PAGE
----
Wednesday, February 25, 2015

3,000 words into it

Proztvetanov posed, a stack of lumpy black shadow silhouetted against the French windows of his immense ancient library. He stood close enough to the windows that his breath clouded one of the panes. Before him stretched a broad avenue buried under several feet of new-fallen snow, the lime trees ranked along either side rigidly at attention beneath their own tons of snow. The cloudless sky was hard and pale silver until the sun had half-cleared the horizon and then the colors of the world shifted to deep reds and heavy black shadows in bands lying aslant through the avenue as if the land were breaking apart while the lord of the estate watched with sustained pleasure. The sun climbed higher, the atmosphere lost its saturation of red and as the morning came into full wintry glory the snow became once more white and glistening, the shadows deep blue and the heavens a breathtaking spectrum of robin's egg to Caspian Sea and then Proztvetanov gave himself up to loud, hearty laughter, the rasp of which roused Antosha from a light sleep.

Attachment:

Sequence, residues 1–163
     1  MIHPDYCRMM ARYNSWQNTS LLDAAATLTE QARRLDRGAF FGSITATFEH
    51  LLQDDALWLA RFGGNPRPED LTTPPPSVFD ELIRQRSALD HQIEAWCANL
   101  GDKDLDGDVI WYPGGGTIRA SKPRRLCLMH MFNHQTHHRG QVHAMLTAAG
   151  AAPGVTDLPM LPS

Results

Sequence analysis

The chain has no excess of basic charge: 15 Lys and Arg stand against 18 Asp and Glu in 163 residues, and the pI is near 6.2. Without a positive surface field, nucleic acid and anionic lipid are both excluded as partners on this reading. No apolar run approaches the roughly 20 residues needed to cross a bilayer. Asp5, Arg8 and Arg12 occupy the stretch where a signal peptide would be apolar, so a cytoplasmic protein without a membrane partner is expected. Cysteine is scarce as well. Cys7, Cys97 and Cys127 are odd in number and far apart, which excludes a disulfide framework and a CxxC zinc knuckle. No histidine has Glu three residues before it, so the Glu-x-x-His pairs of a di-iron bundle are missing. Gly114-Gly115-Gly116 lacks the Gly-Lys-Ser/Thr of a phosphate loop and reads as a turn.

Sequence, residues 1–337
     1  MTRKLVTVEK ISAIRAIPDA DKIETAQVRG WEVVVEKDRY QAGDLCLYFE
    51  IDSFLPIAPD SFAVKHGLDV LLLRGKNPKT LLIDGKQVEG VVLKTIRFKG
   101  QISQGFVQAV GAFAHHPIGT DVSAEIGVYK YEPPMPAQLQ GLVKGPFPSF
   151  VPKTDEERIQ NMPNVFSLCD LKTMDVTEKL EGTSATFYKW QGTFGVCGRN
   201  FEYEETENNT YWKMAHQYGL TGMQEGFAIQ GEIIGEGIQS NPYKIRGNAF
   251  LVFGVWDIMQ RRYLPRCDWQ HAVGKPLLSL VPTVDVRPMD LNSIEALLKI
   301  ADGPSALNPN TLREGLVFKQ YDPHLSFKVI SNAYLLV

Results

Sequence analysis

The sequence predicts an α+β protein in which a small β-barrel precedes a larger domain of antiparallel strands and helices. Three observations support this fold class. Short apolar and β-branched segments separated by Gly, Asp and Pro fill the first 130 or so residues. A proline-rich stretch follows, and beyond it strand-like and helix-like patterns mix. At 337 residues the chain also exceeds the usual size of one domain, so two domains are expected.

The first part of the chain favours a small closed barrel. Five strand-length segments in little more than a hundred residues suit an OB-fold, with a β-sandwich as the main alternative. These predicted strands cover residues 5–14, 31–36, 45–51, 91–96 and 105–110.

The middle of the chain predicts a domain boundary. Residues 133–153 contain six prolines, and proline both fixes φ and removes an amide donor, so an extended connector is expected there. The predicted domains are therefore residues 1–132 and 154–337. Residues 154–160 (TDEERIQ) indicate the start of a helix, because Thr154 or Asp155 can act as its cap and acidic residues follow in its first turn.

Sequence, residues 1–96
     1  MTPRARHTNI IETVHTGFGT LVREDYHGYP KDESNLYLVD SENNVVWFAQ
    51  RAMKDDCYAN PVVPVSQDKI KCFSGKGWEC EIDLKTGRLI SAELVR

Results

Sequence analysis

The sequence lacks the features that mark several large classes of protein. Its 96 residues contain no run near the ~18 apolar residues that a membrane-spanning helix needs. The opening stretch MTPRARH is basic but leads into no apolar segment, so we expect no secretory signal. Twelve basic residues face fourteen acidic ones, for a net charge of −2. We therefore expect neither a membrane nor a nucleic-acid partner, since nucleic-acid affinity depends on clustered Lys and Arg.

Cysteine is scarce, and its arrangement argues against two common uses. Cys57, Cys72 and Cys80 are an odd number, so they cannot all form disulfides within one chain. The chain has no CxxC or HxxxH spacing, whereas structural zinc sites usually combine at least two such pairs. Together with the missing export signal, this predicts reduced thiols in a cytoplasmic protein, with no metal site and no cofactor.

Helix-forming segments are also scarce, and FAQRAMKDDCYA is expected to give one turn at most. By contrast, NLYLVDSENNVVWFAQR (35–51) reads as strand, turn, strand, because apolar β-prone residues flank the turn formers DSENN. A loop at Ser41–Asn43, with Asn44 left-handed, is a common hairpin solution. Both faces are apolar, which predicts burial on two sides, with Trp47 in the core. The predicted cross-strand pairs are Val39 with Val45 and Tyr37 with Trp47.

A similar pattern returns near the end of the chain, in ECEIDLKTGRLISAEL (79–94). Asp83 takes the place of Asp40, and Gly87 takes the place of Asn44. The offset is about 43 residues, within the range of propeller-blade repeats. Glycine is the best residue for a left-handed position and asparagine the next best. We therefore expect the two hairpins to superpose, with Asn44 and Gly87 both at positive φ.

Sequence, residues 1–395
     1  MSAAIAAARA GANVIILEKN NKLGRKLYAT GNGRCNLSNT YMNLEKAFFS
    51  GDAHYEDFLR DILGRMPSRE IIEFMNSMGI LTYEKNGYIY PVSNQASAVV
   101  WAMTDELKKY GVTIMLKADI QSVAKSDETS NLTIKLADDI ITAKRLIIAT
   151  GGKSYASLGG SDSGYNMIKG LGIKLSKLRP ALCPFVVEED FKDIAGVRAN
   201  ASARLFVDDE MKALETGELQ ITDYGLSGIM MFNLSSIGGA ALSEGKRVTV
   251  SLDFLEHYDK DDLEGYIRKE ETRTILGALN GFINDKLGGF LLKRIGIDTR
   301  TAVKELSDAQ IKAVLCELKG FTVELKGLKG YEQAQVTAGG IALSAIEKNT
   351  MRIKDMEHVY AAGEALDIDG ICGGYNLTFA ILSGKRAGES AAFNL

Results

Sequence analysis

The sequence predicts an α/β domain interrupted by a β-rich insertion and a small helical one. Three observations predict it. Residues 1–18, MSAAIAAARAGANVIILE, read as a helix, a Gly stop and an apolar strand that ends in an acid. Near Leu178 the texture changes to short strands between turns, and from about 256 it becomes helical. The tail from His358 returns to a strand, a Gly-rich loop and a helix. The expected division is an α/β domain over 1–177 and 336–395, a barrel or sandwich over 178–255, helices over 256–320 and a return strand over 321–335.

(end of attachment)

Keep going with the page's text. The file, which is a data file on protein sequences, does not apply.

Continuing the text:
Blogger is not letting me comment today, here or anywhere else, so I content myself with quoting the first paragraph (a rough draft) of the story "The Snow Storm." I'm about 3,000 words into this particular story. It seems okay so far.


  1. Chekov in the Paris Review daily:

    I especially like the land as if breaking apart...

  2. "Write what you like. If you haven’t facts make up with lyricism." That's good stuff.

    I'm reading the second half of Glimmerglass again, because I want to write about hawthorns and angels. We'll see if I come up with anything worth posting.